Brandon Gassaway says that his “entire life changed in the blink of an eye” at age 16 when his mother was stabbed to death by his father while attempting to leave the marriage. Brandon didn’t see the murder but he was in the house. “After he did it, he came up and told me.” Brandon said he was equally attached to both parents and was “as surprised and shocked as everybody was.”

Within one week, Brandon was forced to leave everything familiar behind—school, house, and sister. Custody battles between the two sets of grandparents put him and his sister in separate households. He moved from Dallas to Houston, lived with his maternal grandparents and began attending a school there.

The teachers and students at his new school didn’t know about the tragedy in his life. “I didn’t have anybody to talk to about it. Then I found somebody I trusted who helped me out.” This advisor just happened to be a social worker. He kept focused on school, played basketball and kept his grades up. Asked why losing both parents in such a violent way didn’t crush him, he said, “I wouldn’t let it. That’s just the type of person I am. I don’t give up.” He visits his father in prison because “he’s still my father.”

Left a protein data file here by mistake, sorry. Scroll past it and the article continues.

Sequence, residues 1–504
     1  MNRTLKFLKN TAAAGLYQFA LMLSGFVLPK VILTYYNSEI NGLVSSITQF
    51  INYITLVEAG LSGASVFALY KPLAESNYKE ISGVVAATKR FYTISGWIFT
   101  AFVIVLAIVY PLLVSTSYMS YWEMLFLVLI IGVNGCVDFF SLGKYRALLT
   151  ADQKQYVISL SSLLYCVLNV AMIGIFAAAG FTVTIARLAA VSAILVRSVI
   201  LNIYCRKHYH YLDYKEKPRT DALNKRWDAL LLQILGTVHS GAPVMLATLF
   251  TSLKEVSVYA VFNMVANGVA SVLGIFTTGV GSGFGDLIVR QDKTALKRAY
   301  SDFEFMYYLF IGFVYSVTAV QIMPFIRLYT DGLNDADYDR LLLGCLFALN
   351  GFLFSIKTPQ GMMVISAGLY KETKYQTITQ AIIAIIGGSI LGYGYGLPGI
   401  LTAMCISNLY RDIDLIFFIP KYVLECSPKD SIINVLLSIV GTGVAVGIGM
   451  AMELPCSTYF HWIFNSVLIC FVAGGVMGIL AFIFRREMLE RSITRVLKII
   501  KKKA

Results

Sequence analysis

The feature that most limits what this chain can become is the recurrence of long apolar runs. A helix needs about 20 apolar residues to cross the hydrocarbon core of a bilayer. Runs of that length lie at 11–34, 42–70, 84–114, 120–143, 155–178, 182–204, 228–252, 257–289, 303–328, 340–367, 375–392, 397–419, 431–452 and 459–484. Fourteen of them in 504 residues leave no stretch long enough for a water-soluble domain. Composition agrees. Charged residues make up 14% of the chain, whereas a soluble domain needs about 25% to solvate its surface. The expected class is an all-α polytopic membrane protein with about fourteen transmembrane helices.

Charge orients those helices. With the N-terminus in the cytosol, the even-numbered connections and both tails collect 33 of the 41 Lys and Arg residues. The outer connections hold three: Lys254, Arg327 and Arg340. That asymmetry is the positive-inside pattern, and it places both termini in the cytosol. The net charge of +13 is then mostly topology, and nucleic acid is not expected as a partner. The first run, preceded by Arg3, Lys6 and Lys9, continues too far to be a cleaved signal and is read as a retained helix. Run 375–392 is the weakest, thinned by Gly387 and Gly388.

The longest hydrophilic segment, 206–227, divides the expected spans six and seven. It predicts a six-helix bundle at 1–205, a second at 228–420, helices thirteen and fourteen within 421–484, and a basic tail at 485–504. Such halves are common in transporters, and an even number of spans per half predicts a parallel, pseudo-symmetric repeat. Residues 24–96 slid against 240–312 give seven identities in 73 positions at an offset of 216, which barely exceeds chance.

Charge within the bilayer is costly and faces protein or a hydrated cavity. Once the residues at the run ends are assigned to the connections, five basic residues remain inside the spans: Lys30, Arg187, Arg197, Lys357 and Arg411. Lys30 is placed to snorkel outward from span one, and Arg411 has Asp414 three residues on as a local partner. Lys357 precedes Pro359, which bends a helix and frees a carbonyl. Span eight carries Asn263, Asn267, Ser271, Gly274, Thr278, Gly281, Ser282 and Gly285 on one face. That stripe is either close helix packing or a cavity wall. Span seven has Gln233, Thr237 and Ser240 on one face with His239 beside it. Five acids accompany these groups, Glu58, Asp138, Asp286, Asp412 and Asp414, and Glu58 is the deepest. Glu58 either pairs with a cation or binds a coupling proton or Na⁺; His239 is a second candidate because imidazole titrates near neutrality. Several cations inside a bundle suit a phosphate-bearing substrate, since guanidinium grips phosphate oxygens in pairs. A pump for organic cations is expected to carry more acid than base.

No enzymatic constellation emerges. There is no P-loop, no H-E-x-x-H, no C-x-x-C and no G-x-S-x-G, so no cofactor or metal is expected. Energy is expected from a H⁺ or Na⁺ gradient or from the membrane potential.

Receiving a Beat the Odds award in 2008 and getting involved with CDF “helped me get through college and showed me different avenues of how to help others.” He’s spent summers as an intern in CDF’s Houston office and participated in the Young Advocate Leadership Training (YALT) at Haley Farm.

Brandon is a senior at the University of New Mexico, studying architecture with a focus on urban design and historic preservation. He was recently selected as one of the 2012-2013 scholars of the university’s Ronald E. McNair Scholars Program. He regularly mentors other young men, starting with a cousin who is like a younger brother. “I always try to help out with the younger guys. A lot of them don’t see the importance of education. This is a lifelong commitment.”